Carnegie Scientists Discover a New Component of a Plant Steroid-activated Pathway
Scientists have been investigating the series of chemical signals that the group of plant hormones called brassinosteroids send from a protein on the surface of a plant cell to the cell's nucleus. Understanding the brassinosteroid pathway will help scientists understand plant growth and develop strategies to enhance food and energy crop production.
Carnegie scientists Tae-Wuk Kim and Zhiyong Wang found another link in this chain and published the results of their study in Molecular Cell. The research team identified a protein called Constitutive Differential Growth1 (CDG1), which adds a phosphate to another protein BSU1. Previous studies have revealed that BSU1 deactivates another protein called BIN2. When BIN2 is turned on, it blocks the transcription factors BZR1 and BZR2. When BZR1 and BZR2 are inactive, they are unable to enter the plant cell's nucleus. When BIN2 is turned off by BSU1, BZR1 and BZR2 bind to DNA molecules in the nucleus and promote various gene activities.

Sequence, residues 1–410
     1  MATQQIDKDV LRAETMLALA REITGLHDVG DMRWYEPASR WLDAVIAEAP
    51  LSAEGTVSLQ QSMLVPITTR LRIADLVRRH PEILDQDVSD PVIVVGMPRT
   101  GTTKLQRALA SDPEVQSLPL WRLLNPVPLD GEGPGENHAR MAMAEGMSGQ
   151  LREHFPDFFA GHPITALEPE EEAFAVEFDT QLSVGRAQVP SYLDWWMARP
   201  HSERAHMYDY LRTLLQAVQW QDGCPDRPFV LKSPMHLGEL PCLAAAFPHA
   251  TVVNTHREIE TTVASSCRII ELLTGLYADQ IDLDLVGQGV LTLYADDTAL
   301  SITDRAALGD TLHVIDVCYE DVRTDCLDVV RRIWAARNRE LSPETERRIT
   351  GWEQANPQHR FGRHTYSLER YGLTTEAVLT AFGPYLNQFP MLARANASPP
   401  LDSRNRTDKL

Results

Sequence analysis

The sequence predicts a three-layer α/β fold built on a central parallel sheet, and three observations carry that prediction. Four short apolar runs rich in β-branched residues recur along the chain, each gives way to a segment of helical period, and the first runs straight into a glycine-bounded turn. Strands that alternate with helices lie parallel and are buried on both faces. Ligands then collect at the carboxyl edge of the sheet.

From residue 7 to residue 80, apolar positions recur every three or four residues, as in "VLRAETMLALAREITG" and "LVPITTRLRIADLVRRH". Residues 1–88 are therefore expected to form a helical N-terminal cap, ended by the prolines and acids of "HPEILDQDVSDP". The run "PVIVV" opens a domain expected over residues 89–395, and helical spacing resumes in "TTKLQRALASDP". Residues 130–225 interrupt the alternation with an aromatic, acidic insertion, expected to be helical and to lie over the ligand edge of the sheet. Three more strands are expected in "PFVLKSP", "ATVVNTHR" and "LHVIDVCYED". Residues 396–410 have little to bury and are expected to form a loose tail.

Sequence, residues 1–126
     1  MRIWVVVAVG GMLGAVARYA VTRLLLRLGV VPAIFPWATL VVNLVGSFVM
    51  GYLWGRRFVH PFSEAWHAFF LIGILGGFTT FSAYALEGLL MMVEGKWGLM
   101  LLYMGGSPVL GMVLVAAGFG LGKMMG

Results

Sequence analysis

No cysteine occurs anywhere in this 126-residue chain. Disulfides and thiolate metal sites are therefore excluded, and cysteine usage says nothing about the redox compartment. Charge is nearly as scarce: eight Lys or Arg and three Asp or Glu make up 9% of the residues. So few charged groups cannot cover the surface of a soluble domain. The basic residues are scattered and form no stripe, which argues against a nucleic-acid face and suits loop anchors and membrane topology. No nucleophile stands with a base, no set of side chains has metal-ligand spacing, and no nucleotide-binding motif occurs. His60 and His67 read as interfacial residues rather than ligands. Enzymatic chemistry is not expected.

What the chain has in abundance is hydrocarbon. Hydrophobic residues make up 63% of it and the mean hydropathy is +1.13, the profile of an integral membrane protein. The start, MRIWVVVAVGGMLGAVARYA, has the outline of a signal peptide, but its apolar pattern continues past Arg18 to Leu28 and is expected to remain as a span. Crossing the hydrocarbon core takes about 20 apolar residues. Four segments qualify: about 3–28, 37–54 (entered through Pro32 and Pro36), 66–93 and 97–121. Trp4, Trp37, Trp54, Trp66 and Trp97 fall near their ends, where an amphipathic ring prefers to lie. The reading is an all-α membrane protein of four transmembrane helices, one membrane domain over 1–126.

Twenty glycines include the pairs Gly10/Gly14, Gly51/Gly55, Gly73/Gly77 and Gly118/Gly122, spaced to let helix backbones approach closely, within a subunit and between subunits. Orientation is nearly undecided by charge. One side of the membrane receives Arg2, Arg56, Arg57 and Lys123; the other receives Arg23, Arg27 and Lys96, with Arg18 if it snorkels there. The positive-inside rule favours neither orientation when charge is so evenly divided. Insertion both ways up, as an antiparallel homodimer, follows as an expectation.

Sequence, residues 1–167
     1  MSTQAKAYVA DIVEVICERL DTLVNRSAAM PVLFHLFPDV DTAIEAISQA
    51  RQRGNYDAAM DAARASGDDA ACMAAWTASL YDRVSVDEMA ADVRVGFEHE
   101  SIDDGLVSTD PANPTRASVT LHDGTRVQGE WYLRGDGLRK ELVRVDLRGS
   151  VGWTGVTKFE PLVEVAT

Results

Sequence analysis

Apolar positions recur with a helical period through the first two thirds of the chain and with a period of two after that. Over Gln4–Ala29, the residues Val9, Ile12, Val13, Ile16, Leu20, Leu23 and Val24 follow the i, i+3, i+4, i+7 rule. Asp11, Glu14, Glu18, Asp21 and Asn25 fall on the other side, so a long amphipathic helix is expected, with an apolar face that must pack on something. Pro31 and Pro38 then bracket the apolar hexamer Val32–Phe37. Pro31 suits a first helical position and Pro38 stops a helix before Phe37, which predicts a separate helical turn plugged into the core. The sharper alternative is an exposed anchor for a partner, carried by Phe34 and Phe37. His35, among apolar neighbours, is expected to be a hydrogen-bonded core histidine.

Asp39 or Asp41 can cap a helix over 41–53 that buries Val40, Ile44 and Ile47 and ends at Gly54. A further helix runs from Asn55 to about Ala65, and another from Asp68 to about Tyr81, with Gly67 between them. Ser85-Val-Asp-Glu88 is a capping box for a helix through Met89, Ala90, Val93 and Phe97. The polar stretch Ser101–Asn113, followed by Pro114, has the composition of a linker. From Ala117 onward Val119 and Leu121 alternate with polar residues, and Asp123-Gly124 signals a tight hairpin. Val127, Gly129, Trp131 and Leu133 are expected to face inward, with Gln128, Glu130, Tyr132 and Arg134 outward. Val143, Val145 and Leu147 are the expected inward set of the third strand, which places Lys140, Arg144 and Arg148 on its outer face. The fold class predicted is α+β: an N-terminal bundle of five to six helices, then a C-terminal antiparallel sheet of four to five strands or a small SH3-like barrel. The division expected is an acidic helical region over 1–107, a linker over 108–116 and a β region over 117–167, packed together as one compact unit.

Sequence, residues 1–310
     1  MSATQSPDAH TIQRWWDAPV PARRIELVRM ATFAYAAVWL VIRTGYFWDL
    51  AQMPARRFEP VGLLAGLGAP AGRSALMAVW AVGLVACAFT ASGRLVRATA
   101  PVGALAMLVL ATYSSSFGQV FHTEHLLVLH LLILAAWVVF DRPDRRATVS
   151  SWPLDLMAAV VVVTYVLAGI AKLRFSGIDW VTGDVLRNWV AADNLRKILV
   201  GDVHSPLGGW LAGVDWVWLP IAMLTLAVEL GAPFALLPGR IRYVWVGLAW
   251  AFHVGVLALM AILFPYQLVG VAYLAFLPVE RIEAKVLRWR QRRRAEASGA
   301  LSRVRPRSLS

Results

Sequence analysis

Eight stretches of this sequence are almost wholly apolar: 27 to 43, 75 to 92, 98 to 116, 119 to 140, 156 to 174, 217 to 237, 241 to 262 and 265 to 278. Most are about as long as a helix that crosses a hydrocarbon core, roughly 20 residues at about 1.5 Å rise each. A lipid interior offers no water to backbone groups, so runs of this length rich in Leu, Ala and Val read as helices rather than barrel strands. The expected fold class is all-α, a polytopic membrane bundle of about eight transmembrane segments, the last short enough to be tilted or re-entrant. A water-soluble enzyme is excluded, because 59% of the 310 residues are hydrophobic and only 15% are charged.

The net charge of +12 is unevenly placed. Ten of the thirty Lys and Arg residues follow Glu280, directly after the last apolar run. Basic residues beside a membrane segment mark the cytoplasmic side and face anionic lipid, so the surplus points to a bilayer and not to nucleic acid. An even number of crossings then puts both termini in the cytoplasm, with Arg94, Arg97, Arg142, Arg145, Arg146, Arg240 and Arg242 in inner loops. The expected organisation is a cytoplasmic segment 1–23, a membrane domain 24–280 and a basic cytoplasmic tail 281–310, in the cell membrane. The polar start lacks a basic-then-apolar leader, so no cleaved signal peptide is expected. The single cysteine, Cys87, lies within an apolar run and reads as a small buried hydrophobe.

"Together with our previous work, these results provide the detailed mechanisms of brassinosteroid signaling," Wang said. "Because this system of brassinosteroid-activated proteins is one of the best-understood chemical pathways in plant physiology, these results could help scientists understand many other plant cell systems."
This article is part of the Crop Biotech Update, a weekly summary of world developments in agri-biotech for developing countries, produced by the Global Knowledge Center on Crop Biotechnology, International Service for the Aquisition of Agri-Biotech Applications SEAsiaCenter (ISAAA)